Santana, who currently leads the AL in RBIs, is well on his way to proving his 2017 breakout season with Milwaukee was not a fluke. The sample of 20 games is too small to say there is a correlation, but since being moved back to right field from left, Santana has been even better at the plate, hitting .341/.396/.646 (for a 1.042 OPS). His approach is built around not spending too much time at the plate during his at-bats.

“I’m trying to keep everything simple, trying to put the ball in play,” Santana said. “I always try to put the ball in play as quick as I can, early in counts. I’m not trying to be in the hole too early or too often. Try to keep it simple, put a simple swing on the ball.”

He is aggressive at the plate for a reason.

“I strike out a lot. I feel like if I am always in the hole, it’s a lot tougher for me to feel comfortable pulling the trigger. I just think the pitcher is always trying to get ahead so I am just ready 0-0.”

Santana is hitting .347/.439/.643 (.1.081 OPS) with runners in scoring position this year, and he has driven in 27 runs with two outs.

“It’s always nice to get an RBI with two outs or no matter how many outs there are. I just take my time, try to tell myself that I have have nobody on base and try to find that comfortable feeling in the box. Try to not take all of the noise around me and let it affect what’s going on. I think I have been pretty good at that, that’s why I am getting RBIs in that situation.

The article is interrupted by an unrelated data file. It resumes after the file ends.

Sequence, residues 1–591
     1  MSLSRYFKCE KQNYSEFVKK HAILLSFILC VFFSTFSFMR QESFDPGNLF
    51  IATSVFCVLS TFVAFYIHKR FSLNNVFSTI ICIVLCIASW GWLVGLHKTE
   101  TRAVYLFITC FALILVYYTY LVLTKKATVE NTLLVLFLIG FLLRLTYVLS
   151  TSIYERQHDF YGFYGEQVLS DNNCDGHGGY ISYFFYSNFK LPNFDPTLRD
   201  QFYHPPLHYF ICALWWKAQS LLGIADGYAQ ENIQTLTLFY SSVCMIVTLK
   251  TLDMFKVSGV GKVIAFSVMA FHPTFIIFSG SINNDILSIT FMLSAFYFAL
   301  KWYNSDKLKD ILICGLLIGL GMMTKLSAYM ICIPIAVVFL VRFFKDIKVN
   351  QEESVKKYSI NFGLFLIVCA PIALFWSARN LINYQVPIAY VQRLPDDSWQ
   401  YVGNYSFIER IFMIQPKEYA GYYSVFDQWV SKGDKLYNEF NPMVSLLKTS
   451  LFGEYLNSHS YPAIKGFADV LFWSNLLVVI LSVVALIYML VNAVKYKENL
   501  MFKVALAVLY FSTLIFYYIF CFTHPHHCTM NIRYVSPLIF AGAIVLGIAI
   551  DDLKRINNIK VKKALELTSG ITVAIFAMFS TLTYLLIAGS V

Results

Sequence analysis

“Keep it simple, especially in that situation, the pitcher is already with a lot of adrenaline, he’s already in the hole. Obviously he wants to get ahead, put me in the same uncomfortable position so I always try to be ready 0-0 and if he makes a mistake hack at it, and if he doesn’t try my best not to pull the trigger.”

While Santana has a very good idea of who he is at the plate, he is always looking to learn more.

“I’ve had a lot of great coaches and I always like to talk baseball with a lot of players. It doesn’t matter how good of a player they are because everybody goes through almost the same thing, but everybody doesn’t have the same answers so I try to talk to everybody and just pick the most important things that I think will work for me.”